Coming back to this after eight years, I think our philosophical ideas might be just as human-specific as our ethics, but philosophical skills might be near universal :-)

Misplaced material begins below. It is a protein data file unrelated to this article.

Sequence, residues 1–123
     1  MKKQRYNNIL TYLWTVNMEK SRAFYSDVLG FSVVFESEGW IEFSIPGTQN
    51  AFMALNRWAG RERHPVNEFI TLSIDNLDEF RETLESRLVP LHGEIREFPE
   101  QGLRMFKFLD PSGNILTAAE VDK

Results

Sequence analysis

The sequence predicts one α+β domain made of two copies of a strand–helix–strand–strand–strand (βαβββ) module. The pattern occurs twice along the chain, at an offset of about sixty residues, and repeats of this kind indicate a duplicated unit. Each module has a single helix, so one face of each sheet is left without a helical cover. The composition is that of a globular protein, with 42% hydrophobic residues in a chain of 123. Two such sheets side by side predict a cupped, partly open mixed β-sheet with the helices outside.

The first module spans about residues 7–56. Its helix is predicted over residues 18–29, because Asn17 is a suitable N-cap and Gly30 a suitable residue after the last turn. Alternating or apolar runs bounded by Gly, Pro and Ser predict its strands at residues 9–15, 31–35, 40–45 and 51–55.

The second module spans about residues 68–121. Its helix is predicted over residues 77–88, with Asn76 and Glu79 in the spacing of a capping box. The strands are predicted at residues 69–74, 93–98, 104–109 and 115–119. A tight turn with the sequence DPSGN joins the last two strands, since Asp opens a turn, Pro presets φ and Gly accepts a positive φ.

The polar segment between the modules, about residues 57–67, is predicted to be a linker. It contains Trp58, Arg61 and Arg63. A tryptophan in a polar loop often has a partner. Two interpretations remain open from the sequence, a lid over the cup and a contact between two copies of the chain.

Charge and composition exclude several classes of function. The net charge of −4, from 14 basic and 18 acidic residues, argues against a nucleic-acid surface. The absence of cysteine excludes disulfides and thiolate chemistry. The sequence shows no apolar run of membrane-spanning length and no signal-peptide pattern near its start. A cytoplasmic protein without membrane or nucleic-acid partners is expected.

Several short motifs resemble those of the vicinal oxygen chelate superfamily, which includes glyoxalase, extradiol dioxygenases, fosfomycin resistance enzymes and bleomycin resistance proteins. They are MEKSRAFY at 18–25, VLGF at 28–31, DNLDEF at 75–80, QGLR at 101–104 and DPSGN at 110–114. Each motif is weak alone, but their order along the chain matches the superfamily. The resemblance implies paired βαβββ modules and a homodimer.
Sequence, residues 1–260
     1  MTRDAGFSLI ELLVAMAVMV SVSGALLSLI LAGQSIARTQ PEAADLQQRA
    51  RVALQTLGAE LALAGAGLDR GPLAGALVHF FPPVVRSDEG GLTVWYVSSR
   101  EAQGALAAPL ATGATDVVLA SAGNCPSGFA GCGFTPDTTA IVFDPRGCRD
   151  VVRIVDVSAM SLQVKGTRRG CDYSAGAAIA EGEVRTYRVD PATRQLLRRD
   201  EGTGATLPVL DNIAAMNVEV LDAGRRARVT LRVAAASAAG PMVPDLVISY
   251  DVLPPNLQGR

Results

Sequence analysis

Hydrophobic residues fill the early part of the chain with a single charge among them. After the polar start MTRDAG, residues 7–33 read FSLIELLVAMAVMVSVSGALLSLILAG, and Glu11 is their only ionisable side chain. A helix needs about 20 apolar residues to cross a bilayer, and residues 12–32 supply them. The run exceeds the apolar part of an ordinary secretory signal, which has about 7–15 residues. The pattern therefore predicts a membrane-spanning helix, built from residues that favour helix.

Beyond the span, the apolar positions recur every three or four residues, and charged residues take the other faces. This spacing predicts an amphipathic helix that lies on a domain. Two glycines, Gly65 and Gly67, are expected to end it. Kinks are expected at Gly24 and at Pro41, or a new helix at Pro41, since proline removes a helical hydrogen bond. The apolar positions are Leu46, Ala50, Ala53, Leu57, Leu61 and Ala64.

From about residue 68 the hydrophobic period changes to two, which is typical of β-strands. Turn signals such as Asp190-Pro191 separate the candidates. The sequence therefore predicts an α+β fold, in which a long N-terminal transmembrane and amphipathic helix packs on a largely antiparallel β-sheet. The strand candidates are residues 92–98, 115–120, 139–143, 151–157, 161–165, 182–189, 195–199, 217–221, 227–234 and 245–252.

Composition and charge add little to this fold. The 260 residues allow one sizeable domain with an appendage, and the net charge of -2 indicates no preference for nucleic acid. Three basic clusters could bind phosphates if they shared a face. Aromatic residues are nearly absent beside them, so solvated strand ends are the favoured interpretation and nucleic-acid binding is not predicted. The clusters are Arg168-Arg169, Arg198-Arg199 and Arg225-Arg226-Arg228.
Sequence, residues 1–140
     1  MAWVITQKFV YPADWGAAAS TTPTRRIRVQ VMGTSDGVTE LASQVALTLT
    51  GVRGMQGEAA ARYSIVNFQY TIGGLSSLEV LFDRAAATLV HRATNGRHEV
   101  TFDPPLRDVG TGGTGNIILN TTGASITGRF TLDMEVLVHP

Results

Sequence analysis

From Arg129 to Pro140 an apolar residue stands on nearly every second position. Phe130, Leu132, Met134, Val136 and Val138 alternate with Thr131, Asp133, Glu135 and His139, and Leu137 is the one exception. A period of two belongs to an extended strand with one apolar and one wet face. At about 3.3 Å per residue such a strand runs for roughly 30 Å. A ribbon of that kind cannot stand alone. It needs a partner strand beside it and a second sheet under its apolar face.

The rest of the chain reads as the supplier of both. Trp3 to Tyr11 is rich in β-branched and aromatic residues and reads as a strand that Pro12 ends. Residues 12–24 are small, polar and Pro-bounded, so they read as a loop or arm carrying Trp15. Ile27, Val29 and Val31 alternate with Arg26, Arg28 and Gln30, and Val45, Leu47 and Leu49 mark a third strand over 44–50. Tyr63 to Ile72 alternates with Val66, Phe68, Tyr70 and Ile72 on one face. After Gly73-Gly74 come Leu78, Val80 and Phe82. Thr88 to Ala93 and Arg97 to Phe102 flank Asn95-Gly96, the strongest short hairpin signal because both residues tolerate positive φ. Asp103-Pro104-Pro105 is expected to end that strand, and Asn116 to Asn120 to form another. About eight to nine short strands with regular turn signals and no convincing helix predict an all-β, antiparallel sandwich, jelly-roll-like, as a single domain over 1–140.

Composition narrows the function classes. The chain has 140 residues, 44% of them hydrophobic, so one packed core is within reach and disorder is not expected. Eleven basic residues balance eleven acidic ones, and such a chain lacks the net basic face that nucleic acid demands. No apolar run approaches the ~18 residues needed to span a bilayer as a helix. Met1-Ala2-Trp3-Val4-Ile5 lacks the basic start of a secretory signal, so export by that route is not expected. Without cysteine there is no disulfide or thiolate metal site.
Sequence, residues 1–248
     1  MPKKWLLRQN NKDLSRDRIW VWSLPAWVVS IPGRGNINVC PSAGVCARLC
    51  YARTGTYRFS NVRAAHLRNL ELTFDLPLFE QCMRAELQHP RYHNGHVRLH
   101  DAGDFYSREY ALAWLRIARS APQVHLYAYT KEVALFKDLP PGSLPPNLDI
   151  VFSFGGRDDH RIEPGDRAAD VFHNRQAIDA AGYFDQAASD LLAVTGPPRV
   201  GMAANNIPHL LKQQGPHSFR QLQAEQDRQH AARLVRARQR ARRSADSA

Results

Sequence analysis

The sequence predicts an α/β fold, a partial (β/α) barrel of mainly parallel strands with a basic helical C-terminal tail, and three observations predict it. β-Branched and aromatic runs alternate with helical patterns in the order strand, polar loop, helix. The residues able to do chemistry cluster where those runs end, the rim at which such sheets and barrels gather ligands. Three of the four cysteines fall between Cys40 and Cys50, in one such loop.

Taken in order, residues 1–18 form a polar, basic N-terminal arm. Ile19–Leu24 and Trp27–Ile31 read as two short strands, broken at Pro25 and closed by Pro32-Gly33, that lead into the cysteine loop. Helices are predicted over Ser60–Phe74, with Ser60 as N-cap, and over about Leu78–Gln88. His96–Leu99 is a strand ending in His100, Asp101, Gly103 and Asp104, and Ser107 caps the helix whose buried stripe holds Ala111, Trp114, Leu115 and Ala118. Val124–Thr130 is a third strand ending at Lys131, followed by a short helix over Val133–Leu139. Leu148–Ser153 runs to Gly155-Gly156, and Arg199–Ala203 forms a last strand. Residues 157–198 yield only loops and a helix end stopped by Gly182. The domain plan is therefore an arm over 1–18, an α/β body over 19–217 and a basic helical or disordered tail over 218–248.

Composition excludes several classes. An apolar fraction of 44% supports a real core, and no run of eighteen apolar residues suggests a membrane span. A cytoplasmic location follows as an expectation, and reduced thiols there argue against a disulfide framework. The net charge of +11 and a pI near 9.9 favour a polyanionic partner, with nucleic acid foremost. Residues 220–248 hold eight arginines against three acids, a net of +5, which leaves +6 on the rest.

Humans have an ability/urge to find simple approximations to things. Applying that to human decision-making leads to a big pile of approximations, some very specific (like “chocolate is usually nice”) and some more general (like “when I prefer A to B and B to C, that usually means I prefer A to C”). The most general ones are called “philosophy”. Their proportion in the pile is small, as expected. That leaves the question why there are any at all, but there’s an obvious answer: some of our mental features have multiple uses. For example, “wanting” is reused for wanting many different things, so it makes sense that an approximation to it would end up approximating many things. A creature with a different decision-making mechanism, but with the same ability/urge to simplify things, would also have philosophical skills but end up with a different set of philosophical ideas. Does that make sense?